Is it possible for something to be ethical but immoral at the same time?
Like most people, my students—to whom I ask this question every semester—don’t believe so, because they use the words interchangeably. That is, until my query inspires them to think about it on a deeper level.
An action is ethical if it is both legally permissible and a generally accepted practice. That same action is moral as long as it’s consistent with one’s personal set of values.
The individual meanings of the two words are often conflated because we’re inclined to believe that the two philosophical concepts are compatible: if it’s not against the law and everyone is doing it, it must be OK.
Not necessarily, as the federal student loan program illustrates.
Consider the credit underwriting process—or, rather, the absence of one. Although lending without regard for a borrower’s financial ability to repay his or her loan may be a legal and generally accepted practice (because that’s the way the student loan program was established long ago, and certain other financial products are similarly structured as well), one may also argue that it’s immoral too because that disregard has the potential to entrap as easily as it entices.
The program’s fundamental pricing methodology is equally at odds with itself.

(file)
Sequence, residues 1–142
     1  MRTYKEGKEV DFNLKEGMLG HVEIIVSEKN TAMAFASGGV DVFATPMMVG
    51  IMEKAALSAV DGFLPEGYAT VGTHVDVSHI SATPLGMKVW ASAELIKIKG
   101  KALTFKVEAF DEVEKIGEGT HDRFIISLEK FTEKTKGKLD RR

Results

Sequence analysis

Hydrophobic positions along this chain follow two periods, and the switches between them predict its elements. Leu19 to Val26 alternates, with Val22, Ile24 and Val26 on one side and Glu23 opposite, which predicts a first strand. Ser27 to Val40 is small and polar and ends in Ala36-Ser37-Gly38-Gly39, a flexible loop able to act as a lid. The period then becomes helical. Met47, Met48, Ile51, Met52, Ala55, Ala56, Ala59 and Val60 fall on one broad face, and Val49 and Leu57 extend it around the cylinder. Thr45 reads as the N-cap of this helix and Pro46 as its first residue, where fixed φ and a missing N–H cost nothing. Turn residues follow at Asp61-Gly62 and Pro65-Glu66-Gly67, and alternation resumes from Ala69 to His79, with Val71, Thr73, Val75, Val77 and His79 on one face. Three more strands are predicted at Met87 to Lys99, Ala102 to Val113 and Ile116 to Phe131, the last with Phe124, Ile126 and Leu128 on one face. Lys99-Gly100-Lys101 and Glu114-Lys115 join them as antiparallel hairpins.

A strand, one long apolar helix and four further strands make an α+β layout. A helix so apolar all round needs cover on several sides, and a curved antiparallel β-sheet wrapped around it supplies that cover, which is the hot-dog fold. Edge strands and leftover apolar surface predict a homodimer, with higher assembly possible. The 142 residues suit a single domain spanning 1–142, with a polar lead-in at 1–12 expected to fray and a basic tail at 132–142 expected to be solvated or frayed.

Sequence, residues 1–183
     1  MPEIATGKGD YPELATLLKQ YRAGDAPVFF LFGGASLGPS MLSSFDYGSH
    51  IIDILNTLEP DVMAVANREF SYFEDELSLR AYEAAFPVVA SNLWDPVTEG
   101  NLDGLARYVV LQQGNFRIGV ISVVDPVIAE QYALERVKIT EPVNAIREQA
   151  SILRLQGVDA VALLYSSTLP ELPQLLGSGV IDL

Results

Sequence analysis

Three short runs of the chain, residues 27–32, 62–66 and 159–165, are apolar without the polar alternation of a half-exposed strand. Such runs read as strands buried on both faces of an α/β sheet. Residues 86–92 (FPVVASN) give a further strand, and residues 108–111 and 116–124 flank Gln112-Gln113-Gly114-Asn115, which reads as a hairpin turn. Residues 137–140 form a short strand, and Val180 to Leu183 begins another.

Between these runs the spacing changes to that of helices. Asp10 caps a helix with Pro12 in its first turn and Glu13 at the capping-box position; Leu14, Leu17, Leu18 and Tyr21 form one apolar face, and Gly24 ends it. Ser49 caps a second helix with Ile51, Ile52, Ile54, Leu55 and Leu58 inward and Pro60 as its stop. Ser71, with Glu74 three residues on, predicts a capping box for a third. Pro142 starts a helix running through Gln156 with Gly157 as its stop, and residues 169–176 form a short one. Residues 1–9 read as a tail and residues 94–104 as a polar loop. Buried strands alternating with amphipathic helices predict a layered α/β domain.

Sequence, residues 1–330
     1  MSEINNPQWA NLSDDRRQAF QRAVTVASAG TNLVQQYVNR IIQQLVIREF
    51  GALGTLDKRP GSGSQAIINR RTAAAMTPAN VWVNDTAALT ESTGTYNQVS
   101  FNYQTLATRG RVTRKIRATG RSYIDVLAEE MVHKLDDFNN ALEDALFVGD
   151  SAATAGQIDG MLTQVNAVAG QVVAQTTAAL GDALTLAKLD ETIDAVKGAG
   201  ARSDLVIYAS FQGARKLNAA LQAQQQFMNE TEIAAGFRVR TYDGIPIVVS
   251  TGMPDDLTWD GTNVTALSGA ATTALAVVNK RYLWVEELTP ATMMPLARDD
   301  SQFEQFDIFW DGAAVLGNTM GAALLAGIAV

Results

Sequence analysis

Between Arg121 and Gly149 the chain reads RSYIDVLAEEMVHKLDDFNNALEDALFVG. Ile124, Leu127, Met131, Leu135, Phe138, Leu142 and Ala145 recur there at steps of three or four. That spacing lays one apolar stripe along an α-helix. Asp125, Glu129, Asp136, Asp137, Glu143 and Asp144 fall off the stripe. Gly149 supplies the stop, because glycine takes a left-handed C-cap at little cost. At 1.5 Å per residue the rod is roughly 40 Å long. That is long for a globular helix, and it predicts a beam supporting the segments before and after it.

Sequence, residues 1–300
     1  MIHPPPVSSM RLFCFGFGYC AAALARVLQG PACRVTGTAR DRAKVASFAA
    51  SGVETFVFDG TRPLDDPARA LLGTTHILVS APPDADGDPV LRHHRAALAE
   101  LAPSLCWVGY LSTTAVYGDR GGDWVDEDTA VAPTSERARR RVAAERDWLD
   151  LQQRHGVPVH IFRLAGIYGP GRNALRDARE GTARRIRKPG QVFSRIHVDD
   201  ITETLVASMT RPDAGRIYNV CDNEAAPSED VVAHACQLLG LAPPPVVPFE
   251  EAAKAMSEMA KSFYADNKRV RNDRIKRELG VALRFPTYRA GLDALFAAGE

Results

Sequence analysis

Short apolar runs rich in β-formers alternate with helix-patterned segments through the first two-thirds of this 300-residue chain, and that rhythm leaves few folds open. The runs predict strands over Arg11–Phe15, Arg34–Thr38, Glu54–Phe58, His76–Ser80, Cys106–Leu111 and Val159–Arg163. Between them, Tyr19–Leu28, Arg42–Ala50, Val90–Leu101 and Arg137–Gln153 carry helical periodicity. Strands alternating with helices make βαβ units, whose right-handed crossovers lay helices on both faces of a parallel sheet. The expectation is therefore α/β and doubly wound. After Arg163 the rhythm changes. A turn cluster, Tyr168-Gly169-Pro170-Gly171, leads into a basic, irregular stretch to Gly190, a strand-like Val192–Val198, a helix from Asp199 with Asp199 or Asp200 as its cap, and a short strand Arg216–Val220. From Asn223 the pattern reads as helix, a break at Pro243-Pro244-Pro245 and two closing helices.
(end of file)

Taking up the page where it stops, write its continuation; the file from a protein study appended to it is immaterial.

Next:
When Congress passed the Bipartisan Student Loan Certainty Act of 2013, it pegged a hierarchy of interest rate markups for the various student loan programs (e.g., Federal Direct and PLUS) to a particular financial instrument (10-year Treasury Notes, in this instance). Yet the government funds its program with much lower-cost, shorter-term Treasury Notes—perhaps as short as one and three months in duration—and pockets the difference. And Congress widened that disparity by mandating an added hierarchy of upfront fees, whose values are a multiple of the cost of originating and administering these loans.
Legal? Sure. After all, the bill was passed by overwhelming bipartisan majority and signed into law by the President. A generally accepted practice? Yup. One needn’t look any further than your local bank for that. But is it moral?
Only if you’re OK with turning a profit on the backs of your own children.
Then there is the matter of loan structure. The various government repayment plans all span 10 years. Although that too is legally permissible and a generally accepted practice among higher-education lenders, an argument could be made that the standard term is immoral because it disregards a borrower’s financial capacity to meet his or her obligation in the time allotted.
In fact, after taking into account the current average size of these debts, the plain truth is that more borrowers would be helped if the repayment durations on all outstanding loans were doubled (to a maximum 20-year term) than if the interest rates were reduced—even to 0%.